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Cooper urges more protection for consumers on cable TV proposal

Release date: 6/20/2006

Attorney General concerned that bill could cut service, raise rates for some consumers

 

RALEIGH: A bill that would change the way cable companies are regulated needs better protections for consumers, Attorney General Roy Cooper told legislators Tuesday. Cooper wrote to legislators to express his concerns about Senate Bill 1559 and House Bill 2047.

“Although the intent of increased competition is good, I believe this legislation needs better protection for consumers,” Cooper wrote.

The bill would change North Carolina’s practice of local franchises for cable TV and instead require a statewide franchise if a competitor such as a phone company chooses to offer television service in the same area.

Cooper is concerned that under the proposed law television service providers might offer service to high density areas, which are cheaper to serve, while ignoring rural or low income areas. Consumers in areas with less competition could wind up paying more for services as television providers seek to make up for the costs of competing in urban markets.

“This is a new idea that has been tried only a short time in a few communities in a small number of states, so we have no real track record on how it will work,” Cooper said in the letter. “I’m concerned that we are rushing into this without making sure we aren’t leaving consumers behind.”

The proposal would also change the way that consumers get help in the event of a problem with their service. Now consumers with complaints about their cable service contact their local government. The proposed legislation shifts this responsibility to the Attorney General’s office without providing any funds for staff to handle the 50,000 or more complaints expected per year.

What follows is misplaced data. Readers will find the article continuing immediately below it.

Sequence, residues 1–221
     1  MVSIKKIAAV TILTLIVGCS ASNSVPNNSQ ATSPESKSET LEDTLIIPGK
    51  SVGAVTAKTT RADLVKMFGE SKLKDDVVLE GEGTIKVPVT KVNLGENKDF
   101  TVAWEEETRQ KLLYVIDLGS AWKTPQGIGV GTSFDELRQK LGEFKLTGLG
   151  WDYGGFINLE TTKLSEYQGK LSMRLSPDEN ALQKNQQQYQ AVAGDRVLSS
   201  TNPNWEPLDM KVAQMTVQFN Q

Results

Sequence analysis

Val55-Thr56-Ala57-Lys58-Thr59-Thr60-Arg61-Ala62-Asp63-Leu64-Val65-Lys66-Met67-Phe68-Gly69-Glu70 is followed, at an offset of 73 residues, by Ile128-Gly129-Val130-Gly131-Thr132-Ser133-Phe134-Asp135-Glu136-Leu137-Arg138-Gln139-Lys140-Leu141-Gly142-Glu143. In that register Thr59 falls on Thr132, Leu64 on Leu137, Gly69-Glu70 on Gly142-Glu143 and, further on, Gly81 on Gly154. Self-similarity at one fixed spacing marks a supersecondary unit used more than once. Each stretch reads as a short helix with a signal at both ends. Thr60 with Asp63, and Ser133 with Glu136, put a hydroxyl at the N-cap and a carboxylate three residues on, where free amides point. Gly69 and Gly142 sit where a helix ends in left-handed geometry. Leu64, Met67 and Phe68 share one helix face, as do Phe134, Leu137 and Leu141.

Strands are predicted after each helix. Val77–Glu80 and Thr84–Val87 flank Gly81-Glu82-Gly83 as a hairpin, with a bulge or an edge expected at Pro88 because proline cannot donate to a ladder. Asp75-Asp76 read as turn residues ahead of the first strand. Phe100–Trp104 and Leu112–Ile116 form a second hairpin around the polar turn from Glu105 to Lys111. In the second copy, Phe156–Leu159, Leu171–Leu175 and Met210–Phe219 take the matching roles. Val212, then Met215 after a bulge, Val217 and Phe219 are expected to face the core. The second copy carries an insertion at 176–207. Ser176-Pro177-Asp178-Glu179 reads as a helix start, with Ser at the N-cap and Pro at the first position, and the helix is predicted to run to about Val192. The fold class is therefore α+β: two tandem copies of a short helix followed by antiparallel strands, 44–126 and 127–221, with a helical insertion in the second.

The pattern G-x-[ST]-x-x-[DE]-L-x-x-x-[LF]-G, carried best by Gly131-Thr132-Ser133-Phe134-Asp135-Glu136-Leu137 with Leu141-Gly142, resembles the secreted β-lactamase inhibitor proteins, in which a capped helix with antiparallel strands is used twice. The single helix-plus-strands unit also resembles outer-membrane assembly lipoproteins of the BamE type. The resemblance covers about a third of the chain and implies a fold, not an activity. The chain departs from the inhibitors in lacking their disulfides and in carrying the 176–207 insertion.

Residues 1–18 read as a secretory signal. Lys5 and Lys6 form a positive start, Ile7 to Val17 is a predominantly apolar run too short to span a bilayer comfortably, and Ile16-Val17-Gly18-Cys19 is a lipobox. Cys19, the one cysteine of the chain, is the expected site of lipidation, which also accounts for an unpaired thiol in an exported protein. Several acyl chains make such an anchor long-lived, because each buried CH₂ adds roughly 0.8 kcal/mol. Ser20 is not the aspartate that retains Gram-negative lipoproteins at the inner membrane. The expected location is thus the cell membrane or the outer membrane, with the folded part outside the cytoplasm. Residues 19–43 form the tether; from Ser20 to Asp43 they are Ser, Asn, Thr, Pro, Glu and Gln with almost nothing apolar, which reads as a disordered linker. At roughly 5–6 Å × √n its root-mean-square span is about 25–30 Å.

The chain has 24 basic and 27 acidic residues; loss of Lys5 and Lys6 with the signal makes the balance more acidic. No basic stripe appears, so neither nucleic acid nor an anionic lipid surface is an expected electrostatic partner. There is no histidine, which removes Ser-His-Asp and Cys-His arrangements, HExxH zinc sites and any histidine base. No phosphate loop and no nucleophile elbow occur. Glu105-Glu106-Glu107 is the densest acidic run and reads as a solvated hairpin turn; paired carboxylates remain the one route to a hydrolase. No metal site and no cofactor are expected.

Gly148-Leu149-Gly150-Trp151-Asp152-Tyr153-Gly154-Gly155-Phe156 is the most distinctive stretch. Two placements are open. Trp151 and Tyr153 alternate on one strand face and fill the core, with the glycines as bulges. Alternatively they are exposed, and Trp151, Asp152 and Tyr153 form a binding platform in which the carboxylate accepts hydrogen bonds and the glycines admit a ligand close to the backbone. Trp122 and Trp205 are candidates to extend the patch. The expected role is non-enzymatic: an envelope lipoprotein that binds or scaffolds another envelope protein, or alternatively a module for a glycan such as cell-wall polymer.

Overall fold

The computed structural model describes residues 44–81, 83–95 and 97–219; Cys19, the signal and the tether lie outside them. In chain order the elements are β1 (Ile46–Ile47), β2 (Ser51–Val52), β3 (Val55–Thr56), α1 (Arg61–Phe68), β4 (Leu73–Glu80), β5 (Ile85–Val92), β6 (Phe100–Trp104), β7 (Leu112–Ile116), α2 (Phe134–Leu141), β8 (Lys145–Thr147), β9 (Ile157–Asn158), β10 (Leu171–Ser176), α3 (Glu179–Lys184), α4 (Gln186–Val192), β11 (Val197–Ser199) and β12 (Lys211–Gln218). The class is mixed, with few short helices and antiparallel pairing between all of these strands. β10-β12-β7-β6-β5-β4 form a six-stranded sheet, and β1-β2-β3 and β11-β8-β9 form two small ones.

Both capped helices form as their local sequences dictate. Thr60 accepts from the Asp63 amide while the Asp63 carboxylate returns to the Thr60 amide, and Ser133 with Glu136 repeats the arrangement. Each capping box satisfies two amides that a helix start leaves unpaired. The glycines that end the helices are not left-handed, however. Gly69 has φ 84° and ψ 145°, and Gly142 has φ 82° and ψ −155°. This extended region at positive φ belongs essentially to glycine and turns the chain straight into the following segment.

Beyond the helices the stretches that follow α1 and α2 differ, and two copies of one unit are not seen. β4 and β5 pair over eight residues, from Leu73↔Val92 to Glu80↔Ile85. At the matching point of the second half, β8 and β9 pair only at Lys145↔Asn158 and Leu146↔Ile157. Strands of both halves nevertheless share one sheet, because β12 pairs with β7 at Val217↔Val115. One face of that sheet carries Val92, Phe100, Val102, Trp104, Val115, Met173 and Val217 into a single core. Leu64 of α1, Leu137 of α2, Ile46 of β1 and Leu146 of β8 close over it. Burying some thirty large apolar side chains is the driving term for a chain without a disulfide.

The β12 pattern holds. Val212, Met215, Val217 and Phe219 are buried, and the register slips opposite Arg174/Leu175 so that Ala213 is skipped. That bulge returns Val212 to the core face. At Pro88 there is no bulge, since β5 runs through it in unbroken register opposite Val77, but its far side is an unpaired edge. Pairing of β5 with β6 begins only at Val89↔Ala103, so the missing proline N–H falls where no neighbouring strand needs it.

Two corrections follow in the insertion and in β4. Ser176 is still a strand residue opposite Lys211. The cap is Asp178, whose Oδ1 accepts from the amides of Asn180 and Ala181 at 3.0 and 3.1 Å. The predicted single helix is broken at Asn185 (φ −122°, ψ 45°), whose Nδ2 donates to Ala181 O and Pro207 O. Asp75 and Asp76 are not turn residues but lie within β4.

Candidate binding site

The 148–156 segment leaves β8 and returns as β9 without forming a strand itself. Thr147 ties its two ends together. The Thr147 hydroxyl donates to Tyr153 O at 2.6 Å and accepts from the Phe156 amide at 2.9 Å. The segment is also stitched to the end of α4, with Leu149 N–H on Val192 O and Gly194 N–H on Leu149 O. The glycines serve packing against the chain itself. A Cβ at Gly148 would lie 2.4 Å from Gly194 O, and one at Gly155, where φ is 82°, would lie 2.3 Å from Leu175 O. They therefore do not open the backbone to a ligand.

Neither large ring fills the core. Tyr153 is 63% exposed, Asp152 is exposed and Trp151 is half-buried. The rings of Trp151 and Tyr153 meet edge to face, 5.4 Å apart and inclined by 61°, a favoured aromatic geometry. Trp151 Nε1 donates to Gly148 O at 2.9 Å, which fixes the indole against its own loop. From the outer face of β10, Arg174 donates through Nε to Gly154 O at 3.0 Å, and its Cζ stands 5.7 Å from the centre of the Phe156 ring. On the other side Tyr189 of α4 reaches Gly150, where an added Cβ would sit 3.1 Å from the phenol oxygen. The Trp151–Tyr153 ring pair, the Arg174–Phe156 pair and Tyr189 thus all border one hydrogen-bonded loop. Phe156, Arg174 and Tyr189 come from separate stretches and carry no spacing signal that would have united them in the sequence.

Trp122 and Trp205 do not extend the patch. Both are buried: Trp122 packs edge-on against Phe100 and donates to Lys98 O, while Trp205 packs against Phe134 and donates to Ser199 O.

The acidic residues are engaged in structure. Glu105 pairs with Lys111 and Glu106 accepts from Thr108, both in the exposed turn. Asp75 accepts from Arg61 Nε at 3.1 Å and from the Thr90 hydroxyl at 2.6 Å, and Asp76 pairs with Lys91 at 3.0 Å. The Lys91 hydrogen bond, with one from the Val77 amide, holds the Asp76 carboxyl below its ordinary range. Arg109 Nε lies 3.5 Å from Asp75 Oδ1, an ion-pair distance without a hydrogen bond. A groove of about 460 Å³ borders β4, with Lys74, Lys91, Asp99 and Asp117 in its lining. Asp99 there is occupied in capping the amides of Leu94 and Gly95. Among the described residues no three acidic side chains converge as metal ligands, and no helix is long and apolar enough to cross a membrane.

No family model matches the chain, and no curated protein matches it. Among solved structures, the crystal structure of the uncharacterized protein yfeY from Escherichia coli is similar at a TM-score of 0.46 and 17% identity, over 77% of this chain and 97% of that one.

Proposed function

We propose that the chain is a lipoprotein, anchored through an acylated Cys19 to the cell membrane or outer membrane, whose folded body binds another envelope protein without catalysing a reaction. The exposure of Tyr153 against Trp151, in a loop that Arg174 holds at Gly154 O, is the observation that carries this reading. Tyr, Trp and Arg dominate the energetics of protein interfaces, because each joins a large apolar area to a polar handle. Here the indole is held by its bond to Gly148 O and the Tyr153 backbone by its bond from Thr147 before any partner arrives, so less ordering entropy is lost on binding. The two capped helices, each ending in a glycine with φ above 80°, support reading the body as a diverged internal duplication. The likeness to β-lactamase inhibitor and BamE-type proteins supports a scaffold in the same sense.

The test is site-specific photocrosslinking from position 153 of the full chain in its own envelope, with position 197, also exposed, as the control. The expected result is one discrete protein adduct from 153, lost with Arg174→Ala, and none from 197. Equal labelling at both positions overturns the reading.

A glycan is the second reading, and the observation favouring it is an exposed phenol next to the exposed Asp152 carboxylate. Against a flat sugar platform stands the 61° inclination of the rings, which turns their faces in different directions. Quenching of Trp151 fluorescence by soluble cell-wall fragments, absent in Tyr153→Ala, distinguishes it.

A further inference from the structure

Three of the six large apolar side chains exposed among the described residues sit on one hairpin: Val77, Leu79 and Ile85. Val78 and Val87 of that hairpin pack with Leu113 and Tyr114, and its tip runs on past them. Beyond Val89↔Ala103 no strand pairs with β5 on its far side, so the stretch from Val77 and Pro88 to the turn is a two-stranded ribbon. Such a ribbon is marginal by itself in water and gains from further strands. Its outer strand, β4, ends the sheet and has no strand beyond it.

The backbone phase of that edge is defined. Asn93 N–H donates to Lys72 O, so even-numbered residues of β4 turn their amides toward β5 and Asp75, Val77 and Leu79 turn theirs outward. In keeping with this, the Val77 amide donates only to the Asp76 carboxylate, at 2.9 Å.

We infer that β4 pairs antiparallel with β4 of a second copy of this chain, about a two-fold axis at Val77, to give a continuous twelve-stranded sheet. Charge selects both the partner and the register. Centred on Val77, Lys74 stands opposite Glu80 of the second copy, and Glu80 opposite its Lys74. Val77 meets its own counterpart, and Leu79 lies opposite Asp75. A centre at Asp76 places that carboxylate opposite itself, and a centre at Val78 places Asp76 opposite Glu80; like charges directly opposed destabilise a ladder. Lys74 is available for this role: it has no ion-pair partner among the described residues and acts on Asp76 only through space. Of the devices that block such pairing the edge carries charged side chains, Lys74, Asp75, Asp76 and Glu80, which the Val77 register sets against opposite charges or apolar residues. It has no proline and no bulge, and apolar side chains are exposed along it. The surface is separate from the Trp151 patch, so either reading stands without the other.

“We can all benefit from additional choices in the marketplace, but only if the choices come with protections that treat consumers fairly,” Cooper wrote.

[Note: the text of the letter follows.]

 

June 20, 2006

 

The Hon. Dan Clodfelter The Hon. William Wainwright The Hon. Daniel McComas The Hon. Becky Carney North Carolina General Assembly Raleigh, N. C. 27602

 

Dear Members:

 

I am writing to express my concern regarding Senate Bill 1559 and House Bill 2047 which would deregulate cable television service. Although the intent of increased competition is good, I believe this legislation needs better protection for consumers.

This is a new idea that has been tried only a short time in a few communities in a small number of states, so we have no real track record on how it will work. A few years ago, there was a great push to rush us into deregulation of electricity and we were smart to wait and see how it panned out in other states because the results weren’t good.

Although I know there are differences between electricity and cable, I’m concerned that we are rushing into this without making sure we aren’t leaving consumers behind.

North Carolina consumers deserve the same level of protection they are getting under the current system. Now consumers with complaints about their cable service contact the local government that has the television franchise. Franchise fees provide funding to the local government to pay for helping consumers. The proposed legislation shifts this responsibility to the Attorney General’s office without the funds for staff to handle the complaints.

Looking at the current experience of some local governments, there is a potential for 50,000 statewide complaints a year. Now we handle approximately 75,000 important consumer complaints annually helping them get refunds and solve their problems. This legislation alone could increase complaints we receive by twothirds.

In addition, the proposal allows providers to offer service to high density areas, which are cheaper to serve, and ignore rural or low income areas. There’s also the potential for cost shifting as competition heats up in high density urban areas. Some consumers could be stuck with higher prices.

I appreciate the intent of the legislation. We can all benefit from additional choices in the marketplace, but only if the choices come with protections that treat consumers fairly. I hope you will step back and address these concerns.

 

With kind regards, I am Very truly yours,

Roy Cooper

RAC/sm

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